I must admit, I am a relatively new reader to the comic strip Get Fuzzy. It wasn't in my paper growing up, although for the brief time we subscribed to the Boston Globe I read it. I truly became a fan my senior year in college, when a friend pointed it out to me. I immediately became an avid reader; one of the few strips that I make a point to read every single day.
These strips that always make me laugh, but more often than not I read a strip that also makes me think. Today's Get Fuzzy strip from my one-a-day calendar
falls into that category. So from time to time I will be posting strips that are thought-provoking for me (hence the "First Installment" in the title).
Unfortunately, I think that this characterization of door-to-door evangelists is all too often the truth. These folks might care about the people they are evangelizing (and given their context I'm sure they believe they do), but it seems that they are also after something more tangible: your money, or the confirmation that your soul is going to heaven and the commitment to attend their particular denomination's church. They aren't really there for your benefit; they're there to get something from you.
Door-to-door evangelism needs to be revived and renewed in the United Methodist Church. We should be out there, meeting individuals in our communities so that we can better serve our neighbors. We shouldn't be out there to beat the Bible over someone's head, or to ask them to pledge money for our new building, or to ask them "do you know where you will go?" We should be out there discovering what people need - talking to them to find out how we can serve them and not ourselves.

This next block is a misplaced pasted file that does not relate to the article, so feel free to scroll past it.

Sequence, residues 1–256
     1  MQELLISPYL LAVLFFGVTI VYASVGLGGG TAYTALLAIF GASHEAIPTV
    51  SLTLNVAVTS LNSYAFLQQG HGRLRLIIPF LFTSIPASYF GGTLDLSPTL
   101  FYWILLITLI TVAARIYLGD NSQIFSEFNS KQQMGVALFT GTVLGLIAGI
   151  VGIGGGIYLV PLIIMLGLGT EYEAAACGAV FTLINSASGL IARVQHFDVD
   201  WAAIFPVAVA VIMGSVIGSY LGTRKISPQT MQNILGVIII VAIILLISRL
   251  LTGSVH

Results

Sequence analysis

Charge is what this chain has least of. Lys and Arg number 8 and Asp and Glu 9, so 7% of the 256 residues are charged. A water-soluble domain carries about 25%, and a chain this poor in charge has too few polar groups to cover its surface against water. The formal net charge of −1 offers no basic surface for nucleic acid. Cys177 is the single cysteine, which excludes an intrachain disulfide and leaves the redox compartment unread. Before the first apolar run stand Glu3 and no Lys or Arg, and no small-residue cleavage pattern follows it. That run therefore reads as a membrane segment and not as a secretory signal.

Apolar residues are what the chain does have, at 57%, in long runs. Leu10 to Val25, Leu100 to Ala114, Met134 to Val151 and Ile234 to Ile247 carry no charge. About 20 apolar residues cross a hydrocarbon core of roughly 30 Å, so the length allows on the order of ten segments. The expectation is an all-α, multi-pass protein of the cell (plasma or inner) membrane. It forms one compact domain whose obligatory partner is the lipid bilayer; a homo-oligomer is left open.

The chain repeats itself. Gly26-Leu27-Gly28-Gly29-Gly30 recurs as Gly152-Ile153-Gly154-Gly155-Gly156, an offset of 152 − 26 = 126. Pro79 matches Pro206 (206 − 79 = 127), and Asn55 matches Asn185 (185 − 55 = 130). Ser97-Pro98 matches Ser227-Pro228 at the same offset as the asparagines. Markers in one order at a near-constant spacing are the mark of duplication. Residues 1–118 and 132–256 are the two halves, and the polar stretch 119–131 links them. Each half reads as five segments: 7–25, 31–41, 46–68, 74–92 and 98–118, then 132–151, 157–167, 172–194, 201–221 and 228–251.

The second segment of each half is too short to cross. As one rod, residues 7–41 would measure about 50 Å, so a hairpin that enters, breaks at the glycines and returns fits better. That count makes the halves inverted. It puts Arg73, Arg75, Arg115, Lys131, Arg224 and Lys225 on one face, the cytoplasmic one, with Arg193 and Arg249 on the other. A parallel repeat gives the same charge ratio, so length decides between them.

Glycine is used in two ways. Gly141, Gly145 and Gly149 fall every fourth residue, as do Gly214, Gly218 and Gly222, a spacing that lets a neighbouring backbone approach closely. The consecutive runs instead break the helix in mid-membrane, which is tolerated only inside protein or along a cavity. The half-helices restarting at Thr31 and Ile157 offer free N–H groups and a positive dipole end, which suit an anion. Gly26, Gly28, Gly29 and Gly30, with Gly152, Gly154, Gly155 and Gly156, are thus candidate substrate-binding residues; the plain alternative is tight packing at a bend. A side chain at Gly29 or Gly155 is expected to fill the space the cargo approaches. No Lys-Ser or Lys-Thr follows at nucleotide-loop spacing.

I think the other truth that this strip unveils is: in what people are placing their hope? Not God. Satchel's response to the question "do you believe in an infallible power?" ("You mean like Google?"), while funny, is revealing. Even we as Christians all too often place our hope and trust in other things above God: technology, popular culture, the media, the government...sex, alcohol, and other addictions, (and I know far too many Christians who inappropriately appeal to these three), and the list goes on from there.
So we need to remember first of all where our ultimate hope, trust, and faith lies - with God revealed in the person and ministry of Jesus Christ. Secondly, the Church needs to serve our communities as opposed to being self-serving. Through serving others (by actually asking what their needs are!) we are showing and sharing the love of Christ with our neighbors.